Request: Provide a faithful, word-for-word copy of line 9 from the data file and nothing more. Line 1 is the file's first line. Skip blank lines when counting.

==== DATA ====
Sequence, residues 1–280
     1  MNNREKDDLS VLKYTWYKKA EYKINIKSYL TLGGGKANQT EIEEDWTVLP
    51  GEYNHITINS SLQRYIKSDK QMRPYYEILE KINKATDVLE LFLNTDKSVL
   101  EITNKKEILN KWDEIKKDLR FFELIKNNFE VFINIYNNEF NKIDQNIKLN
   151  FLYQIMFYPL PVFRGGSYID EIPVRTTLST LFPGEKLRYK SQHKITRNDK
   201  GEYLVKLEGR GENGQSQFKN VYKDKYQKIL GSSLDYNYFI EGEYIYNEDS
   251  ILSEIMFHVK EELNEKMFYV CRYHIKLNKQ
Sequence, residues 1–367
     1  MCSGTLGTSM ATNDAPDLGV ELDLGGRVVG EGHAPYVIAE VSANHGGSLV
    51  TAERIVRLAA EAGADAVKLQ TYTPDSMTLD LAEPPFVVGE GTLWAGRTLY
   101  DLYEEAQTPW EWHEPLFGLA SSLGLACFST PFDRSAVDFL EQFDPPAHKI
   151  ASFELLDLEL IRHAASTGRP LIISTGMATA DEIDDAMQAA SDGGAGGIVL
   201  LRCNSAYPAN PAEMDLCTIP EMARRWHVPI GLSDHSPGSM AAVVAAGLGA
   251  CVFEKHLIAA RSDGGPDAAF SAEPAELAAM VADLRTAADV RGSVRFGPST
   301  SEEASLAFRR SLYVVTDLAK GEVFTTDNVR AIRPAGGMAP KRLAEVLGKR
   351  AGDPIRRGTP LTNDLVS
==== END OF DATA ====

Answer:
     1  MCSGTLGTSM ATNDAPDLGV ELDLGGRVVG EGHAPYVIAE VSANHGGSLV